Sermon, Second Sunday after Epiphany – “We are the People of Hope”

Sermon, Second Sunday after the Epiphany, Year A 2023
I Corinthians 1:1-9, John 1:29-42

“Calling of Peter and Andrew” – Caravaggio 1602

“To the church of God that is in Corinth, to those who are sanctified in Christ Jesus, called to be saints, together with all those who in every place call on the name of our Lord Jesus Christ, both their Lord and ours: 

Grace to you and peace from God our Father and the Lord Jesus Christ.” 

So begins Paul’s letter to the Christians in Corinth, a diverse and contentious group of people, called together by God into the fellowship of Jesus Christ our Lord:  called to be the church, to be God’s light in the world. 

Paul’s enthralling words remind us that God calls us too—you and me– to be saints, that is, to follow Jesus and to witness to God’s justice, power, mercy, healing, and love in this world. 

That is why we’ve chosen to be here today, because we have heard God calling us to be part of this fellowship of the saints that we know as the church. 

Here, God reminds us, through scripture and prayer and song that we are not alone in this calling to follow Jesus. 

Jesus is not just a prophet with tremendous healing power and a mighty heart, willing to go to death and beyond as he does God’s will in this world, someone to admire and emulate.  Jesus is more than all of that, as wonderful as all of that is. 

Jesus is God’s Son.

So when we follow Jesus, God’s Son,  we enter ever more deeply into the heart of God, even in the ordinary things that we do, which can grow into the extraordinary things that God calls us to do, the things that we never believed possible—Glory to God, whose power working in us, can do infinitely more than we could ask, or even imagine.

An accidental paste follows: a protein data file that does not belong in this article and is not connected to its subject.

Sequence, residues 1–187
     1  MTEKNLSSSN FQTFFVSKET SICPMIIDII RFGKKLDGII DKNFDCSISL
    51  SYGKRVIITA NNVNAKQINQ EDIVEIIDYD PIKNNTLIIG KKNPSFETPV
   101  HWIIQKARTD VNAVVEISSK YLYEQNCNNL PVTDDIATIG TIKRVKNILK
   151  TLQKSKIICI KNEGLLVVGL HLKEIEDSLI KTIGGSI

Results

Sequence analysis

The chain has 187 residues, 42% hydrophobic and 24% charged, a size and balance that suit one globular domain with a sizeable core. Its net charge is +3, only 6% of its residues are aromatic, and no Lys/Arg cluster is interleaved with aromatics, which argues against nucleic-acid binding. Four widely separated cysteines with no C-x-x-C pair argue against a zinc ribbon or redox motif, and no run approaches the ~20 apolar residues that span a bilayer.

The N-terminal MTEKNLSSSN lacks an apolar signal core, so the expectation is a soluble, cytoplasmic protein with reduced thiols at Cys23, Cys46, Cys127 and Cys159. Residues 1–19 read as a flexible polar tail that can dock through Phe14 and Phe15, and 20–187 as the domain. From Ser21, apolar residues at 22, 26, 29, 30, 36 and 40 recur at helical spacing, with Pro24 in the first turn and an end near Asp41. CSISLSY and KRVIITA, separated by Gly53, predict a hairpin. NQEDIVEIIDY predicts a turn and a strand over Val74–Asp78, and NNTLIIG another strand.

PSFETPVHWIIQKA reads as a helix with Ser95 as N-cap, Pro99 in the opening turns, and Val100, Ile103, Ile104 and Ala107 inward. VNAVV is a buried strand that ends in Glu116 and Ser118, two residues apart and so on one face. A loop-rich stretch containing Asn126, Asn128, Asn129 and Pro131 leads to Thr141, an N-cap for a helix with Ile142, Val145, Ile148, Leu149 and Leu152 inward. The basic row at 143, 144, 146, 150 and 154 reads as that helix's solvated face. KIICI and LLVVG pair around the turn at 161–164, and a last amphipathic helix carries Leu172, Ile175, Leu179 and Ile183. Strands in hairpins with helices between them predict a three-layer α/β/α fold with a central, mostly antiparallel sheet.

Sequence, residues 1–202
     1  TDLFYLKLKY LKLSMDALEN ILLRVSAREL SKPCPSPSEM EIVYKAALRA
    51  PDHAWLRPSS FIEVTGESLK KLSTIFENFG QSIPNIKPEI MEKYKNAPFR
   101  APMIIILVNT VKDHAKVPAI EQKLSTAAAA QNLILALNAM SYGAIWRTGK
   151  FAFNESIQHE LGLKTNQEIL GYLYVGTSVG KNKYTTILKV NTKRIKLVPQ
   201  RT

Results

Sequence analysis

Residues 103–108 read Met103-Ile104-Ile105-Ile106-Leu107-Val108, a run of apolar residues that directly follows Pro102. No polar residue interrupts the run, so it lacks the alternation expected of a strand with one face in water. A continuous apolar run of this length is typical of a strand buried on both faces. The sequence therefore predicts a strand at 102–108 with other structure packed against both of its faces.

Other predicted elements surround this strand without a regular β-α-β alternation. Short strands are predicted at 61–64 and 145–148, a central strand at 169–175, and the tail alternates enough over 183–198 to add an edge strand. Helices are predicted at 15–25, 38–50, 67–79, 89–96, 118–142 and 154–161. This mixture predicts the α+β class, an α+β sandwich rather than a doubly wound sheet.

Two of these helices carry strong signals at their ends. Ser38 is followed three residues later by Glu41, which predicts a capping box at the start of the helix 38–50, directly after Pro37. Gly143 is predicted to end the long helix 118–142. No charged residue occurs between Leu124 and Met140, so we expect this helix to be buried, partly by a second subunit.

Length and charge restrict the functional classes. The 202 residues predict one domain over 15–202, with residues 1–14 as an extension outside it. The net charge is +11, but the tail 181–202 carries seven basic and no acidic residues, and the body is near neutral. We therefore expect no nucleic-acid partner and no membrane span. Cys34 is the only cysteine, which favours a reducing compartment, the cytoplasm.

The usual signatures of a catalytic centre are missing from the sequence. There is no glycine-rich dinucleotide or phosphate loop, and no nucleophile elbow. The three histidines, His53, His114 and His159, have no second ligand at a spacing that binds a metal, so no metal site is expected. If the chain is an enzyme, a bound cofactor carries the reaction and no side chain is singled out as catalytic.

God imagines our lives—magnificent, challenging lives that reveal God to those around us! 

God has already imagined the life that God is calling you and me  and this church, St Peter’s, into.

God wants our imaginations to expand, so that ultimately, God’s imagination for each of us and for this church, and for this world, can and will  become reality. 

The clue to how we even begin to live into God’s imagination is to have the desire to know God more deeply, to want to live in the heart and mind of God, which is what the two disciples in today’s gospel realized they wanted. 

They were followers of John the Baptist.  But when they saw Jesus walk by and heard John say, “Look!  Here is the Lamb of God” these two disciples of John followed Jesus. 

Read more of the sermon

Lectionary – Second Sunday after Epiphany

I.Theme –   Call and response to service


“Jesus and John” – Hagia Sophia, Istanbul 532